The person who makes the accusation of the immoral God here, accusing Him of maliciously ordering the infants to be destroyed makes some assumptions here. First, he or she assumes that the inhabitants under ērem were innocent (or at least the sins were “minor”) and that the God condemning them was a vicious and intolerant being. Second, the person assumes God was ordering the children punished. Third, the person assumes that the Christian holds to the assumptions the atheist assumes.

Ultimately the accusation of the “evil God” comes from the assumption that sins are unimportant things, and not to be worthy of punishment. Since God punishes sinners in the accounts of Scripture, the act is taken without consideration of motive.

I think I should close this article with a quote from Fr. Thomas Crean O.P.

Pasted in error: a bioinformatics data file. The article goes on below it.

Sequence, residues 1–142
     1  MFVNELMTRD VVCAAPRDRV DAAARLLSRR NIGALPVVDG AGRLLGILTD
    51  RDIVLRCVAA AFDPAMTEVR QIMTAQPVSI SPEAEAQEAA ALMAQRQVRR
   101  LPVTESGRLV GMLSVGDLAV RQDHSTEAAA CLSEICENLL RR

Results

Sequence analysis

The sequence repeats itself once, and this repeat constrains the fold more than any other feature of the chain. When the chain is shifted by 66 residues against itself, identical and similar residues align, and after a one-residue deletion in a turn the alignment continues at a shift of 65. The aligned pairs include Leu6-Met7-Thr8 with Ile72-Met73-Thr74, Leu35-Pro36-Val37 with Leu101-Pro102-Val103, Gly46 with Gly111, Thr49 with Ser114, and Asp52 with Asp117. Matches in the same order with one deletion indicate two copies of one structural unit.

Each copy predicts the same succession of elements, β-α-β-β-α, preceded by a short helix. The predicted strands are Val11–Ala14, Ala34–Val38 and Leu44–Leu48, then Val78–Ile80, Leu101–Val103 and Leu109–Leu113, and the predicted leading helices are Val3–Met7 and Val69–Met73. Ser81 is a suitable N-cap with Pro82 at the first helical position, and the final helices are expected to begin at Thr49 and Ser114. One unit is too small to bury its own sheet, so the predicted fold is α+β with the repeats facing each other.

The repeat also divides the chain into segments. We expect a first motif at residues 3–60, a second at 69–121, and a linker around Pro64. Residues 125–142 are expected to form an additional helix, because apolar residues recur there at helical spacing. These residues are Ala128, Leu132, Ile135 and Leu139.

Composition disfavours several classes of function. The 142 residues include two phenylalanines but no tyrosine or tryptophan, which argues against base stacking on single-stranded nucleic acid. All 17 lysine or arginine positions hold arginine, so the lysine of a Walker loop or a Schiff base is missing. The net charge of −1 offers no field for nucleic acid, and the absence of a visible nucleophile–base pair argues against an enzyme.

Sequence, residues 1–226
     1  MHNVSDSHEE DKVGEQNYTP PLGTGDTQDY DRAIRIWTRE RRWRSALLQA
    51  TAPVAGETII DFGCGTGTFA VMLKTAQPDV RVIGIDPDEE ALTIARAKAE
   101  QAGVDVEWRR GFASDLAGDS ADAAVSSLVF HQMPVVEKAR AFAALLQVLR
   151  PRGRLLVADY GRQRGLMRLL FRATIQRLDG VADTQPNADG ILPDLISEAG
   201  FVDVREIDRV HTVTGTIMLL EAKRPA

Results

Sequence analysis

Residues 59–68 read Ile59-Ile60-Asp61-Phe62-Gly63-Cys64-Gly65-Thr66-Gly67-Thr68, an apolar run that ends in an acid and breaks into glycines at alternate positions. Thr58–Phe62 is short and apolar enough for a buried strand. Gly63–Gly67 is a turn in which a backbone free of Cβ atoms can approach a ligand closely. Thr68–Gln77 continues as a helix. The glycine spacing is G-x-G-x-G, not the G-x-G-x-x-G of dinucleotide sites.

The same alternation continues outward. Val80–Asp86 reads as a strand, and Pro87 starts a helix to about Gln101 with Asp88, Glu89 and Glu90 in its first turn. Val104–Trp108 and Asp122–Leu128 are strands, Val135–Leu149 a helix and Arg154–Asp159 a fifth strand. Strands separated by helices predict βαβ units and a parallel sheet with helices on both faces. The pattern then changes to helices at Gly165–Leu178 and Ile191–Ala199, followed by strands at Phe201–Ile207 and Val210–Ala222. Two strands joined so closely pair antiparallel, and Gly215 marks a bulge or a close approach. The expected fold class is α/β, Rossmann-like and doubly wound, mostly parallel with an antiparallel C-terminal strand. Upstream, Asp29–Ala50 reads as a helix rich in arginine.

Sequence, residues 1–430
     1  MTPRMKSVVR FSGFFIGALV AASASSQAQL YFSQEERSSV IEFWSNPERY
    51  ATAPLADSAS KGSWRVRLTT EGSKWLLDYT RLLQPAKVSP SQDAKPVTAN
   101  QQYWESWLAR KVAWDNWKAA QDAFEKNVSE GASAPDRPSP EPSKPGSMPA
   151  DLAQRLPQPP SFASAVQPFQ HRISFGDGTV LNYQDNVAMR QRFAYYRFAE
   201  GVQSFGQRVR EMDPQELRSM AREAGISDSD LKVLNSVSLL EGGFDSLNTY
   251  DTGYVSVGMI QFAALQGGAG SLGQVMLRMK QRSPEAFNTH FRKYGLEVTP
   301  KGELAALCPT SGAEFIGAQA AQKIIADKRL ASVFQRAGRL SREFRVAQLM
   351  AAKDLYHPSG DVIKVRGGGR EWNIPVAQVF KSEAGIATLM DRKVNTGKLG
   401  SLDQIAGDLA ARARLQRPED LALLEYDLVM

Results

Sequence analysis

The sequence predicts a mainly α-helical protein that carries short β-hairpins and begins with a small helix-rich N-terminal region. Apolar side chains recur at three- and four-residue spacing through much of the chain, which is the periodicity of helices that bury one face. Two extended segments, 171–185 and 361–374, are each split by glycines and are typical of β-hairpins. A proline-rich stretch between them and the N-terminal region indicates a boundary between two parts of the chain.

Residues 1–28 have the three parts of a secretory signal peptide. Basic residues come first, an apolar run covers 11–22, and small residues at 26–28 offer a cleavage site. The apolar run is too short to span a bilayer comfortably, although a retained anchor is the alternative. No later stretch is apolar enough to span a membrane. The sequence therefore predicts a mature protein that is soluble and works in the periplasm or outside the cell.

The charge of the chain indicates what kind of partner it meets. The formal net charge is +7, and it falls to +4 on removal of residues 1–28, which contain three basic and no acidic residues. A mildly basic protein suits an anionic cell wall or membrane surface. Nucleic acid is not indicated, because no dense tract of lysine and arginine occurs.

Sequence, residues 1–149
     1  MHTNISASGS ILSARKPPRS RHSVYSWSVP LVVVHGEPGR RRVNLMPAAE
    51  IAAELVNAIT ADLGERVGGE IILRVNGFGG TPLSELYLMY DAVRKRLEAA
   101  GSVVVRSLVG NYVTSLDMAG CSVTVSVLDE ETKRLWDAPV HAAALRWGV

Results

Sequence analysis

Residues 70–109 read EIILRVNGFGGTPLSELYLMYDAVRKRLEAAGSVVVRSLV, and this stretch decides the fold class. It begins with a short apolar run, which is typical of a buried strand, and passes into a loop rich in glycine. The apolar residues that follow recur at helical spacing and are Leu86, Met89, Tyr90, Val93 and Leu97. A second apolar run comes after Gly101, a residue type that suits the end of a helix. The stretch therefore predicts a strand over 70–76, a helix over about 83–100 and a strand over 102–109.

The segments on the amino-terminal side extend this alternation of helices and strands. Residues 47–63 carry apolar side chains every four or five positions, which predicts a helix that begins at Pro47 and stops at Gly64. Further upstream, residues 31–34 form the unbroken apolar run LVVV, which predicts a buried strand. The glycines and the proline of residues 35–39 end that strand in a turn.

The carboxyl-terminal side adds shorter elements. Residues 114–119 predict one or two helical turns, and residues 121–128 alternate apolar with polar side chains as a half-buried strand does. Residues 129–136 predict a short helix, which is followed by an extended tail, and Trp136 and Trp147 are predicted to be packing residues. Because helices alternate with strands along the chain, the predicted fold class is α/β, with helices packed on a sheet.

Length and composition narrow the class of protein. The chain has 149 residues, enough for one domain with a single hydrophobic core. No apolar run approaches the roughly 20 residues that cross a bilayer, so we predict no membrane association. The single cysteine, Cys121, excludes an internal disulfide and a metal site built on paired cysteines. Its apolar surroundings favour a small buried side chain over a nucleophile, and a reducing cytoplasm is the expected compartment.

God is infinite, uncreated goodness. Therefore He has the right to be loved and obeyed unconditionally. This is simply how things are. God can no more abolish His rational creatures’ duty of obedience and love towards Him than He can abolish the laws of mathematics. Sin is a refusal of God’s right to be loved and obeyed. It is a metaphysical monstrosity: a created will trying to raise itself above the Will that created it. God owes it to His own goodness and holiness not to ignore sin, for that would be to allow evil to subject Him to itself. He can forgive sin on condition of repentance, or He can punish it, but He cannot pretend that it is significant, any more than He can cease to be God.

God is No Delusion, page 124

Christians believe God only punished the guilty when necessary, but seeks the salvation of all when they will turn to Him. The Torah was the beginning of the preparation of a nation to be holy and dedicated to Him, but ultimately the fulfillment of what God intends is in the salvation brought to the whole world in Jesus Christ. Failing to understand this, and accusing Christians of “picking and choosing” is to fail to understand anything at all about Christianity.